CHAMBERS OF RONALD J. HEDGES UNITED STATES MAGISTRATE JUDGE MARTIN LUTHER KING, JR. FEDERAL BUILDING AND COURTHOUSE 50 WALNUT STREET NEWARK, NJ 07101 973-645-3827
ORIGINAL FILED WITH CLERK OF THE COURT
This matter comes before me on the motion of Plaintiff ADP Commercial Leasing, LLC ("ADP"), to disqualify the law firm of Cole, Schotz, Meisel, Forman & Leonard, PA ("Cole Schotz) as counsel for defendant PMJ Enterprise, LLC ("PMJ"). PMJ opposes the motion. The motion was referred to me by Judge Sheridan. I have considered the papers submitted in support of and in opposition to the motion. There was no oral argument. Rule 78.
ADP is a designer and provider of integrated computer operating systems that automobile dealerships use to manage their day-to-day operations. It is a Delaware corporation with a principal place of business in New Jersey. PMJ owns and operates a Lincoln Mercury dealership. It is incorporated and has a principal place of business in Florida. Between 2002 and 2005 the parties entered into agreements pursuant to which ADP leased to PMJ a computer operating system.
ADP alleges that sometime in the fall of 2005 PMJ defaulted under the terms of the parties' agreements by failing to make payments due to ADP. In 2006, ADP decided to sue PMJ to collect the amounts PMJ allegedly owes it and began looking for attorneys. ADP developed an interest in retaining Steven Klein, a partner at Cole Schotz, as counsel because it was "impressed with the types of cases he handles" (Sudha Kantor Dep. 17:5) and believed his "credentials were along the lines of what [ADP] was looking for." (Kantor Dep. 46:4-5). On April 24, 2006, ADP's in-house counsel, Sudha Kantor, telephoned Edward Kiel, a partner at Cole Schotz with whom she was acquainted. Kantor expressed to Kiel ADP's desire to retain Cole Schotz in this matter and the parties engaged in a preliminary conversation. Kiel alleges that the conversation was very brief because he was rushing to get to a meeting. Their accounts of the conversation are as follows:
A. The Nature of ADP's Business
Kantor alleges that she provided Kiel with "specific background information "about ADP Dealer Services and ADP Commercial Leasing." (Kantor Dep. 20:9-10). Kiel had difficulty recalling many details the conversation, but did confirm discussing "what ADP does" and "the services that ADP provides." (Kiel Dep. 18:20-19:3).
B. The Nature of ADP's Dispute with PMJ
Kantor alleges that she disclosed the "complex" history of ADP's dispute with PMJ. (Kantor Dep. 21:18). Kiel stated that Kantor told him: (i) there was a "potential matter involving a Florida auto Dealership" (Kiel Dep. 10:21-22) known as "PMJ" (Kiel Dep. 11:23-25); (ii) the case involved "some type of software that was developed by ADP" (Kiel Dep. 19:9-10); (iii) there were "some licensing fees that were due" (Kiel Dep. 19:11-12), totaling several hundred thousand dollars (Kiel Dp. 14:25-15:3); and (iv) "there had been discussions before with the parties about trying to settle the case" (Kiel Dep. 15:15-16) but now "it wasn't going to settle" (Kiel. Dep. 15:20-21).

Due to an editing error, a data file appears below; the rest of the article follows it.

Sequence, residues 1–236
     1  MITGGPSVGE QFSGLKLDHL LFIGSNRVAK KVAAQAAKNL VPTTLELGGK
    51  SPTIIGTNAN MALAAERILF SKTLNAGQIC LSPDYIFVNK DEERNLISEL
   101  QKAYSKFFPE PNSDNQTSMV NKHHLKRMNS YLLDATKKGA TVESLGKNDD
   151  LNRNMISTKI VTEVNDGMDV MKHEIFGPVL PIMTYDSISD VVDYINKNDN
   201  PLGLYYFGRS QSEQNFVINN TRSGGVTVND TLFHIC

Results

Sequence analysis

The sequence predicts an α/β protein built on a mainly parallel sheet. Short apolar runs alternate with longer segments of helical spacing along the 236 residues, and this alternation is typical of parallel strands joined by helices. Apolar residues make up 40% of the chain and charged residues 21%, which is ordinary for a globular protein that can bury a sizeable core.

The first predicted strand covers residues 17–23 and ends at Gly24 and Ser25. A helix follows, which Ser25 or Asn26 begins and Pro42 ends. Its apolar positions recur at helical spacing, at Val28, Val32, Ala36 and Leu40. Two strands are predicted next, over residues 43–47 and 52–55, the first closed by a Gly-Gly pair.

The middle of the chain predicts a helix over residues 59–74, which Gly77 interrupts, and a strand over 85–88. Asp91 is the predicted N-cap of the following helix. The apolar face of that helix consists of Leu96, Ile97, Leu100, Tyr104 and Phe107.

C. Disclosure of an Anticipated Counterclaim by PMJ
Kantor alleges that she disclosed the factual basis of a counterclaim that PMJ could file. (Kantor Dep. 34:10-13). According to Kantor, PMJ claimed that: "ADP had caused [its dealership] all these proble And made all kids of wild accusations, one of which was that one of [ADP's] salesperson was having an affair with [PMJ's] office manager or controller . . . [and she] was able to bilk [PMJ] out of millions of dollars." (Kantor Dep. 25:5-10). Kantor also stated that she discussed the "strengths and weaknesses of the case, the counterclaim, the potential counterclaim . . ." (Kantor Dep. 33:4-7).
Kiel alleges that he and Kantor discussed: (i) ADP's belief that " the other side would probably file a counterclaim" (Kiel Dep. 15:3-4); (ii) "the nature of the counterclaim" (Kiel Dep. 22:4) involving allegations that "the software didn't do what it was supposed to do" (Kiel Dep. 22:2-3) and "some allegation about an intimate relationship between some of the parties" (Kiel Dep. 21:13-14); and (iii) ADP's belief that these "claims were without merit" (Kiel Dep. 30:22-23).
D. Disclosure of ADP's Litigation Strategy
Kantor allegedly disclosed that (i) ADP "needed to move rather quickly" to file a complaint (Kantor Dep. 26:9-16); (ii) ADP "had a Florida counsel" that had "prepared a draft complaint" (Kantor Dep. 33:9-13), but it "was not as strong as [ADP] needed it to be" (Kantor Dep. 34:3); and (iii) ...